Water ice becomes a superionic phase under the high pressure and temperature conditions of deep planetary interiors of ice planets such as Neptune and Uranus, which affect interior structures and generates magnetic fields.
In Earth’s case, three-quarters of Earth‘s surface is covered by water; standalone water or ice rarely exists in Earth’s interiors. The most common unit of water is hydroxyl. The solid Earth contains only hydrous minerals with a negligible amount of ice.
A recent study by the Center for High-Pressure Science & Technology Advanced Research discovered that one such hydrous mineral also enters an exotic superionic phase, similar to water ice in giant planets.
Dr. Qingyang Hu from the Center for High-Pressure Science and Technology Advanced Research said, “In superionic water, hydrogen will get released from oxygen and become liquid-like, and move freely within the solid oxygen lattice. Similarly, we studied a hydrous mineral iron oxide-hydroxide (FeOOH), and the hydrogen atoms move freely in the solid oxygen lattice of FeO2.”
Dr. Duckyoung Kim from the Center for High-Pressure Science and Technology Advanced Research said, “It developed into the superionic phase above about 1700°C and 800,000 times normal atmospheric pressure. Such pressure and temperature conditions ensure a large portion of Earth’s lower mantle can host the superionic hydrous mineral. These deep regions may have rivers made of protons, which flow through the solids.”
By combining high pressure and temperature electrical conductivity experiments, Raman spectroscopy, and first-principles simulations, scientists investigated the state of hydrogen in the pyrite-type FeO2Hx, a potential H-bearing phase near the core-mantle boundary.
Dr. Hu, one of the lead authors, said, “It is technically challenging to recognize the motion of H atoms experimentally; however, the evolution of O-H bonding is sensitive to Raman spectroscopy. So, we tracked the evolution of the O-H bond and captured this exotic state in its ordinary form.”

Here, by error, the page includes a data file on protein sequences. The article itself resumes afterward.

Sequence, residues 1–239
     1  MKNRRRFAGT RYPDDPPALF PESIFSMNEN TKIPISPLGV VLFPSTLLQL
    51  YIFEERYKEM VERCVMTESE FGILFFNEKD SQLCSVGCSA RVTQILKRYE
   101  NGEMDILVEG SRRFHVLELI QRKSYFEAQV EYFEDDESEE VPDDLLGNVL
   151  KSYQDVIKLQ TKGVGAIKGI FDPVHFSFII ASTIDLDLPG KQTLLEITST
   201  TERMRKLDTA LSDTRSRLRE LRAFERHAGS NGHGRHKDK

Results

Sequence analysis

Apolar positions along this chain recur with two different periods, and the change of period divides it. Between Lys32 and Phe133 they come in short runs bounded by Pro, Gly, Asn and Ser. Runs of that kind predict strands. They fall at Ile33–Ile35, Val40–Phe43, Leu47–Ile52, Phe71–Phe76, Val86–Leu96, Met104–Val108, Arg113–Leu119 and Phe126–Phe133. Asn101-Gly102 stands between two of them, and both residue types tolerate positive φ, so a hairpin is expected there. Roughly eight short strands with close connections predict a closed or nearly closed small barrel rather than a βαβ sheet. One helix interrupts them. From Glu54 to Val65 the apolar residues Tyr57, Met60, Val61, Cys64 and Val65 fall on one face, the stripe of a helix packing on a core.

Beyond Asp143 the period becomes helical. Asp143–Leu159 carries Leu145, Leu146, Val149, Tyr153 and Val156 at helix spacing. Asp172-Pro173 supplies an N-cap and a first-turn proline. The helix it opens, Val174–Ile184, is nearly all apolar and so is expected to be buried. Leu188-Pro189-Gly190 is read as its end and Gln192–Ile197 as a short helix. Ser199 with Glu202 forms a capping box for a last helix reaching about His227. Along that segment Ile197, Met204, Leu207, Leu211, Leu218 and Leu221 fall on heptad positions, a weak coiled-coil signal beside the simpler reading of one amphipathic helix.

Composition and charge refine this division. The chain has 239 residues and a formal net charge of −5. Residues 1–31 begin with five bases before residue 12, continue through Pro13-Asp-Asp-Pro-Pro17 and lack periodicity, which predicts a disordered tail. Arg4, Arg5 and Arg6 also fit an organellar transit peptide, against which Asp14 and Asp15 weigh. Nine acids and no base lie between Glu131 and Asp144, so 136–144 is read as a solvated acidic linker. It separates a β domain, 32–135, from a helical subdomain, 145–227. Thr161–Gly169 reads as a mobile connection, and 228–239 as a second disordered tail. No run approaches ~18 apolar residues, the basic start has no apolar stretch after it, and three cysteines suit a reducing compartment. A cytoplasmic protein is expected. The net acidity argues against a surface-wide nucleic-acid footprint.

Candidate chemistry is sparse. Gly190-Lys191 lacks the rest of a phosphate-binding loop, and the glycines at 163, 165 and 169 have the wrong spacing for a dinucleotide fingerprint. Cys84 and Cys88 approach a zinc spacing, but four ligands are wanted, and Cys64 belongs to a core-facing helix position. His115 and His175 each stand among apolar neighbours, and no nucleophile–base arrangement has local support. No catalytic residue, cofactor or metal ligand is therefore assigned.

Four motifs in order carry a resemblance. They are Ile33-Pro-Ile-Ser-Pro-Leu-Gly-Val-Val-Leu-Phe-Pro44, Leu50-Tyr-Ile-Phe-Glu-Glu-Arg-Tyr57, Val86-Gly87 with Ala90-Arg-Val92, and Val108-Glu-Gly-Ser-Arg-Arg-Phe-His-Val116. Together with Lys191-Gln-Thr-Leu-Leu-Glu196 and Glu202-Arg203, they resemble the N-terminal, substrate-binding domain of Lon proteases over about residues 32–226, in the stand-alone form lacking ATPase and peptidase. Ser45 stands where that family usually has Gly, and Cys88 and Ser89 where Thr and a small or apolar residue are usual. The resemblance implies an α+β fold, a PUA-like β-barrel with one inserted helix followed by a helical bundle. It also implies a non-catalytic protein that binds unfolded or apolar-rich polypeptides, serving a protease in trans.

When the pressure increases beyond 73 GPa at room temperature, the O-H bonding softens abruptly, and the H+ becomes diffusive within the vicinity of its crystallographic site. These results indicate that some H+ may be delocalized from oxygen and become mobile, thus, weakening the O-H bonding, consistent with simulations.
Dr. Hu said, “The softening and weakening of the O-H bonding at high-pressure and room-temperature conditions can only be regarded as a precursor of the superionic state because high temperature is required to increase the mobility beyond the unit cell.”
Scientists measured the electrical-conductivity evolution of the sample at high-temperature and pressure conditions. They observed an abrupt increase in electrical conductivity around 1500-1700°C and 121,000 times normal atmospheric pressure, indicating the diffusive hydrogen had covered the entire solid sample and thus, entered a superionic state.
Dr. Liu, a co-lead author of the work, said, “The pyrite-type FeO2Hx is just the first example of superionic phases in the deep lower mantle. It is very likely that hydrogen in the recently-discovered dense hydrogen-bearing oxides that are stable under the deep lower mantle’s high P-T conditions, such as dense hydrous phases, may also exhibit superionic behavior.”
- Mingqiang Hou et al. Superionic iron oxide–hydroxide in Earth’s deep mantle, Nature Geoscience (2021). DOI: 10.1038/s41561-021-00696-2